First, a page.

Honey, I’m Home!

Bee-Pest-ControlHoneybees have a very strict set of rules when it comes to finding the ideal location for a nest. In fact, they’re more particular than many people I know! They also have a meticulous process for their house-hunting endeavors.

House-Hunting Honeybees
When a swarm of honeybees is ready to relocate, they send out a small number of house hunters to scout new nesting sites. These house-hunting honeybees are very thorough, spending approximately 40 minutes exploring each potential site.

They’ll select their top locations for repeat visits. The queen, too, visits each potential site, and returns several times, at various times of day, to be sure she chooses the best location. Once she’s found a site to her liking, she actually breaks into dance! The more vigorous the dance, the more enthusiastic she is about the spot. Her fellow scouts then come for a final inspection, and once they’ve closed the deal, the swarm moves in to build a new nest.

Home Sweet Home

As you might suspect from this elaborate process, honeybees are very particular about where they rest their wings. The following criteria must be met for them to consider a nest site:

  • Away from Mom and Dad: The distance from the parental nest must be far enough to avoid competition between the two nests.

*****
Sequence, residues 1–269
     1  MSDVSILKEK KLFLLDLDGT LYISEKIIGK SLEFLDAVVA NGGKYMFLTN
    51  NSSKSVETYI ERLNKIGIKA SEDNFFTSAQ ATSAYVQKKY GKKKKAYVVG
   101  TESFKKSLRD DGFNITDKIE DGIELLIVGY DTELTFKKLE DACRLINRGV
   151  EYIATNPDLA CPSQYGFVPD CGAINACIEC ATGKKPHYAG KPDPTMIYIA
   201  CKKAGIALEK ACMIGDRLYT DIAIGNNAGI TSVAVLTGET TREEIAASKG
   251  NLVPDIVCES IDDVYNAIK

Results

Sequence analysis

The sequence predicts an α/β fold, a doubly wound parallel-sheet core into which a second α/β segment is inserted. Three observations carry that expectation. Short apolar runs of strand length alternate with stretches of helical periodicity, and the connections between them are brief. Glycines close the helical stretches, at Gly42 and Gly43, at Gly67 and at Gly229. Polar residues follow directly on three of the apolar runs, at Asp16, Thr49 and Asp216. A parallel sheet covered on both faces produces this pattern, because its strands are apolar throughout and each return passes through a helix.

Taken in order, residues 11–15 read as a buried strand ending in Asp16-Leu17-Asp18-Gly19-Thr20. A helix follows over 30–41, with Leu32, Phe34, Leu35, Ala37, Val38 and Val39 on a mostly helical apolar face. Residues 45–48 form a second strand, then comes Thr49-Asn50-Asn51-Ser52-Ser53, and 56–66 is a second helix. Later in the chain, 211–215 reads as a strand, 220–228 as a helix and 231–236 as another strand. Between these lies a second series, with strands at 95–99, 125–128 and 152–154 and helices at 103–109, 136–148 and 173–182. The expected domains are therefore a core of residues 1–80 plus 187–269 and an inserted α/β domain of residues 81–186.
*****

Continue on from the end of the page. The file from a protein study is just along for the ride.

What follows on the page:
• Room to grow: Depending on the colony size, honeybees prefer a cavity of 22-40 liters (approximately 5-10 gallons). They look for locations that allow ample space to grow and help them survive the winter season.
  • Front entrance: Honeybees will typically have one entrance to their hive. (Some larger colonies have been noted to have up to 5, but this is not usually the case.) They need to be able to defend themselves; therefore, one entrance, typically no larger than 10-20 centimeters (approximately 4-8 inches) is ideal.
  • Sunny skies: Honeybees prefer to have their hive entrance facing the south side of houses. This allows for early morning foraging and helps keep the colony warm in cooler locations.
  • Shelter from the storm: No one wants to live in a wet or drafty area, including honeybees. Sites that are exposed to wind or rain are not desirable.

Does your home provide an ideal environment for honeybees? If you think a hive may have closed a real-estate deal on your property and moved in, call in an expert and have them evicted!